Proving Trust

We had a meeting yesterday of all the CUSS (Centralized User Support Specialists) in Computer Services, or at least of the CUSS who were here during that shift (which was probably around half). Currently, CUSS are divided into two groups: Microcomputer Support, who focus primarily on faculty/staff on campus, and Lab Supervisors, who focus primarily on the labs and student support. For a variety of reasons, there has been some tension and distrust between these two groups in the past. Such tension is beginning to wane, in my opinion, though it is certainly far from gone, and I feel that we are currently dealing more with the memories of that tension than with any individual’s specific frustrations. We are so used to having this tension that we imagine our problems are greater than they really are.

As I was getting ready for work this morning, I had a bowl of Cap’n Crunch for breakfast and thought that I might as well be having donuts since this cereal was so unhealthy. Since I’m on the Desk today (our call center), I wondered if Glen would be going over to get any. And my train of thought progressed through to the fact that I don’t have any cash, but that he’d probably offer to pay in that case.

Why is this significant? Well, it occurred to me that, at least for people like myself and Glen, we don’t particularly like people spending money on us, and that to let someone spend money on us indicates a certain level of trust and familiarity. If we all were going out to lunch, say to a place that only took cash, I doubt many of the lab supervisors would feel comfortable with me paying for them if I had cash and they had been unaware. Or if we mentioned it beforehand, they might elect to just not go. We don’t know the people on the other side of the division (Micro vs. Labs) as well as those within our own group. That trust hasn’t been established yet.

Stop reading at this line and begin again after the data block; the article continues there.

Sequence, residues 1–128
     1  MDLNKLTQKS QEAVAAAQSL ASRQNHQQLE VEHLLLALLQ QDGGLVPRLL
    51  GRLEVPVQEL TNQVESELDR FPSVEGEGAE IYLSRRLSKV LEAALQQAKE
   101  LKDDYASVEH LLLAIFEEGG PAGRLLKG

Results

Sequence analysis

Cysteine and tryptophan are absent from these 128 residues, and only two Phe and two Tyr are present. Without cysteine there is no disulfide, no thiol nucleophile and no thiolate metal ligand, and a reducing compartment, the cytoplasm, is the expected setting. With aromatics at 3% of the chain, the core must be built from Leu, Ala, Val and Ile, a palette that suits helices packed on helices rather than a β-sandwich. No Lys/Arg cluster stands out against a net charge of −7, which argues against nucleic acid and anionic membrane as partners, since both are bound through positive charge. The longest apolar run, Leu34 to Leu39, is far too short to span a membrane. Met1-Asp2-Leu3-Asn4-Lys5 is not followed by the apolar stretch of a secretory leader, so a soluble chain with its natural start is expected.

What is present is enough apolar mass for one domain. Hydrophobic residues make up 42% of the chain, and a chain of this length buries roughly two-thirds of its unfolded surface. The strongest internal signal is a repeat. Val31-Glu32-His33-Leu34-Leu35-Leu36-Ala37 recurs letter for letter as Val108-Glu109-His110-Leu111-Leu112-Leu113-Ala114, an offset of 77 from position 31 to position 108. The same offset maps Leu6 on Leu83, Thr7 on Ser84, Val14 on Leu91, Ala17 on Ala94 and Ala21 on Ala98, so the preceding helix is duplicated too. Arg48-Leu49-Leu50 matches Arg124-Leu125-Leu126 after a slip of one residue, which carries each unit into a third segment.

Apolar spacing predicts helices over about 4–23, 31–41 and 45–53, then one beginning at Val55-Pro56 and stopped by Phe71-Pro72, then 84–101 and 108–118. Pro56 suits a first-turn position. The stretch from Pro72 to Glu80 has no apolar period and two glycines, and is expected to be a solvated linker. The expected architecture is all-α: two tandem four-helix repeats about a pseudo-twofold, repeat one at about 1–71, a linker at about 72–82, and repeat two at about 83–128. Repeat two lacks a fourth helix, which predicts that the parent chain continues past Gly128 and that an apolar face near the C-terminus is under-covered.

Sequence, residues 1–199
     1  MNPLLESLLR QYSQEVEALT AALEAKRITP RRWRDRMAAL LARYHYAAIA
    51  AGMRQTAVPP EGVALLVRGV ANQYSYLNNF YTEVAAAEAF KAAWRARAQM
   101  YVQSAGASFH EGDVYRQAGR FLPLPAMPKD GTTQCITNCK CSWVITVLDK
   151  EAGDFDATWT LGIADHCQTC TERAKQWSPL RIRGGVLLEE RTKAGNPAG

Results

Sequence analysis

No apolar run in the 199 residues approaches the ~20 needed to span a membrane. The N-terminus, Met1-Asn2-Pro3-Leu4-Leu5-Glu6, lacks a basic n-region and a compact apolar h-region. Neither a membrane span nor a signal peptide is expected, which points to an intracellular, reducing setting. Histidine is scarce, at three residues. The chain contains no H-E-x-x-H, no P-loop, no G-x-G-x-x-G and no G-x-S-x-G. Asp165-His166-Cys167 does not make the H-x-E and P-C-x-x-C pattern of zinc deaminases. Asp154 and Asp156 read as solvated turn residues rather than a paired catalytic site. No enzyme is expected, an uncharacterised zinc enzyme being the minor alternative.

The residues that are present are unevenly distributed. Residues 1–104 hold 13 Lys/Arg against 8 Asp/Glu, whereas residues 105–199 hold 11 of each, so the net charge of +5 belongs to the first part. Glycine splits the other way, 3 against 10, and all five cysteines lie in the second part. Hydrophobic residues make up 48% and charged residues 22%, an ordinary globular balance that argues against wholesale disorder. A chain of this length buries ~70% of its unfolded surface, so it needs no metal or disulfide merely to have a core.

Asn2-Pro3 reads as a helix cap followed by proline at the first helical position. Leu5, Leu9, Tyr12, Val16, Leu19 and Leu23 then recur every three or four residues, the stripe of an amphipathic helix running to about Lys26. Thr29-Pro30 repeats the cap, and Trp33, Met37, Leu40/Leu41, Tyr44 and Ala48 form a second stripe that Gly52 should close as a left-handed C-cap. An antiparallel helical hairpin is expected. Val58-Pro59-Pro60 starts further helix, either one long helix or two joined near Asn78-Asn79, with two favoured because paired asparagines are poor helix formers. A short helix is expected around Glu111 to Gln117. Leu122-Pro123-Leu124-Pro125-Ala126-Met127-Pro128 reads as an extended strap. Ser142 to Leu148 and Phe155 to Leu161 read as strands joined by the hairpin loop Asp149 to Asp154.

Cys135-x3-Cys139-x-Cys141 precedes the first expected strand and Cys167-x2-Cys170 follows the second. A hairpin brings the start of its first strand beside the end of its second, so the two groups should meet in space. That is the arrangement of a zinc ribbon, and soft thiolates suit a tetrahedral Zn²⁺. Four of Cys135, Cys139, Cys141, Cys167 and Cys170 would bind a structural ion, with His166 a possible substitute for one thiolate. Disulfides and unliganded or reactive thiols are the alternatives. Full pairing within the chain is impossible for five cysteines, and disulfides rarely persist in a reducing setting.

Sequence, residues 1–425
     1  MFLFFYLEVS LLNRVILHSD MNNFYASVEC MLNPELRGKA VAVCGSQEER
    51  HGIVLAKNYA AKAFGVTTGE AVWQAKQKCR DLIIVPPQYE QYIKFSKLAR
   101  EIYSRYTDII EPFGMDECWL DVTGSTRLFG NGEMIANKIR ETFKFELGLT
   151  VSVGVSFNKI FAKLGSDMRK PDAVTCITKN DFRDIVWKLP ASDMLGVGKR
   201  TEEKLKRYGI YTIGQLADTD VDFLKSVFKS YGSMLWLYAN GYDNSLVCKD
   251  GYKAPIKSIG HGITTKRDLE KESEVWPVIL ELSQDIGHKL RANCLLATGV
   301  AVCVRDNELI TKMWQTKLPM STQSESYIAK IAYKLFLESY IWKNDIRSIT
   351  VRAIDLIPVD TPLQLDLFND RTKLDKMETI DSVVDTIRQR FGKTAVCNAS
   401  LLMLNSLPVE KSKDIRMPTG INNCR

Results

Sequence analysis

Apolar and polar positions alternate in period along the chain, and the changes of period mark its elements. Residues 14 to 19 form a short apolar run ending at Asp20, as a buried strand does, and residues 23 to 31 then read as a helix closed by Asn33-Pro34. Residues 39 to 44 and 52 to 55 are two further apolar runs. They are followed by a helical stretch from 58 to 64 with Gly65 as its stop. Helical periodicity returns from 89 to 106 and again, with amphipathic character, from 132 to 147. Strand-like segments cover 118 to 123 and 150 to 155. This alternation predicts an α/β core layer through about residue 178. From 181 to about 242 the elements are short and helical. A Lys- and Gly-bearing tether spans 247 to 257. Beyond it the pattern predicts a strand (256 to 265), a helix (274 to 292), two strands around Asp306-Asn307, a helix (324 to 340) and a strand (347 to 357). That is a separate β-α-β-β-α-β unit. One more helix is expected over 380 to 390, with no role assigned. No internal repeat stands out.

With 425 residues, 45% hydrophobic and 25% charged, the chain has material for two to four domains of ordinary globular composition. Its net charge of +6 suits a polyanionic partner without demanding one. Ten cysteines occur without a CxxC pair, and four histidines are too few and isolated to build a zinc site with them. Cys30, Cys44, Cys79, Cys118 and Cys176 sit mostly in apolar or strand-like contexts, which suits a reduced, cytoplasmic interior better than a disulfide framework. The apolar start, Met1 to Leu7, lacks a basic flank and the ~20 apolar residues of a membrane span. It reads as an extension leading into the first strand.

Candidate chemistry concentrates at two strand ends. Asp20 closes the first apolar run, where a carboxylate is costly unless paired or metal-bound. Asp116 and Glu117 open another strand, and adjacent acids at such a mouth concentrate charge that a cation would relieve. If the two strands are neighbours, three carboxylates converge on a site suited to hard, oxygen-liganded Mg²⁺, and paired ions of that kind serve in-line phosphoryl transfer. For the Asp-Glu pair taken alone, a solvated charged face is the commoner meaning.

It’s both a trust of character and the knowledge that they’re not just mooching off of you, that they’ll pay you back or return the favour in kind someday. When you know that you can count on someone to do their job and do it well (thus enabling or helping you to do your job well), it helps you take those first steps to trusting someone.

Until we get the level of trust established where we can ask someone if they want a donut, buy it for them, and it’s not that big a deal, that tension is going to remain. This isn’t a department-level trust–buying donuts for the entire department isn’t the same–but a personal one. And that’s what we need, because at this time, we just don’t know each other well on a personal level or, as I’m beginning to think of it, on a donut level.

The solution, of course, is to spend more time working together and getting to know one another. But how that works practically, considering we’re spread across three physical buildings and three shifts, I’m not really certain of yet. I have some ideas, but like Kevin (our boss) said, it’s probably going to be on the ten year plan. Getting both groups trained to a decent level where we can understand the other side and establishing that trust will take time, and with all the other projects we have, unless we want to just throw the two groups together, it’s going to be a while. Of course, we could just throw the groups together, but as Kevin observed yesterday, it would be disastrous. Our service level would go to pot because we’d be too busy working out internal differences, and that is simply unacceptable. So, we’ll go more slowly, and in the end, it’ll be good.

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